Stanford Health Policy professor Jay Bhattacharya ’90 MD ’97 Ph.D. ’00 was included on a Twitter “Trends Blacklist” in 2020. The list was released last month by the platform’s new CEO, Elon Musk. Tweets posted by accounts on the “Trends Blacklist” are prevented from trending regardless of how many likes or retweets they receive.
People suspected Twitter for years of shadow banning some of its users, restricting the visibility of their tweets without notifying users. Although the company has denied “deliberately making someone’s content undiscoverable to everyone except the person who posted it,” it was revealed last month that Twitter did have a system in place to restrict visibility of certain users.
The Trends Blacklist was one function designed to reduce visibility. Other visibility-filtering methods the company created include a “search blacklist,” to keep certain accounts from appearing in a Twitter search, and a “do not amplify” function.
The news of the Trends Blacklist has sparked a wide range of reactions and renewed debates on the relationship between censorship, free speech and social media.
During the pandemic, Bhattacharya wrote an open letter with two other medical professors expressing concerns for U.S. lockdown measures and advocating for “focused protection.” Bhattacharya’s proposal — which contrasted with those of other Stanford Medicine faculty and health policy experts — involved people not at high risk of dying from COVID-19 resuming normal activities while directing financial and public health resources towards protecting the most vulnerable. According to Bhattacharya, this would have mitigated the effect of the COVID-19 pandemic on students and working class individuals.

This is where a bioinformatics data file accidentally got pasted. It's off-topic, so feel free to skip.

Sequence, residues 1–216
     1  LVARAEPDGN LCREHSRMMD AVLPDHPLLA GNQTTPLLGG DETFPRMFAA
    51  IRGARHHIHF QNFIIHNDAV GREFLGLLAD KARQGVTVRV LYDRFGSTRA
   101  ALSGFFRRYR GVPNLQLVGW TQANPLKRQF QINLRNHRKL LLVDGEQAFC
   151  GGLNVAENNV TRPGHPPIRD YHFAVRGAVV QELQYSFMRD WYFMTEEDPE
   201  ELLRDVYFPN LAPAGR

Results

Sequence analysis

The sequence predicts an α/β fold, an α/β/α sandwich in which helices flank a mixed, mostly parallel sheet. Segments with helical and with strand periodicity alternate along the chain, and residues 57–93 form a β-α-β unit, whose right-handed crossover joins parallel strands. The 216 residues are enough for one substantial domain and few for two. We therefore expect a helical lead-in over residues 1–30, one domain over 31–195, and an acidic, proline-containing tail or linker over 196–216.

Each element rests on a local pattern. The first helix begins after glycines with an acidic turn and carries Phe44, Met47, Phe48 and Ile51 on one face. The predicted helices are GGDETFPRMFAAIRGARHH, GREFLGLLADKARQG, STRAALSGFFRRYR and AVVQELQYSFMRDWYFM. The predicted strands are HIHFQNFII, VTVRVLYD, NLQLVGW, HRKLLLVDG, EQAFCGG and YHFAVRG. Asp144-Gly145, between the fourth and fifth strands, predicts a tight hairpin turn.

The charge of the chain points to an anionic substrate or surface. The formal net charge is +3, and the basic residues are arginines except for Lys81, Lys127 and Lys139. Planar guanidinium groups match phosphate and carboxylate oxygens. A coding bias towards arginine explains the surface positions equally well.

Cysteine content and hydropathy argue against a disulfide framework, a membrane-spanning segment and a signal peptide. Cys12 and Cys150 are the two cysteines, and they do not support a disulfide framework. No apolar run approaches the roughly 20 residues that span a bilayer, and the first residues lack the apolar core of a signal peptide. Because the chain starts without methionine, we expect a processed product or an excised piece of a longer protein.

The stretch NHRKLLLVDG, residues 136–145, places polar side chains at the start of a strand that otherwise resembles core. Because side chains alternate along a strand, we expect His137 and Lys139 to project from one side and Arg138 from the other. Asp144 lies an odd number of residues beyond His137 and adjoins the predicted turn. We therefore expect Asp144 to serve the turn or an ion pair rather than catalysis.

Bhattacharya believes that his tweets on alternatives to the Covid lockdowns are why he was included on the list. He has tweeted about the list and told other news outlets that he was surprised to see himself on there.
“I have not been abusive, I’ve not said a single swear word on any of the platforms,” Bhattacharya told NewsNation. “Frankly, I’m not even sure it was political. I was basically arguing for something like the Swedish approach, which is a left-wing, more socialist kind of idea toward school openings and lockdowns.”
The Daily has reached out to Bhattacharya for comment.
The University did not directly respond to The Daily’s questions about the Trends Blacklist and Bhaattacharya’s inclusion but referred The Daily to their guidelines on employee social media use.
The Daily has reached out to Twitter for comment.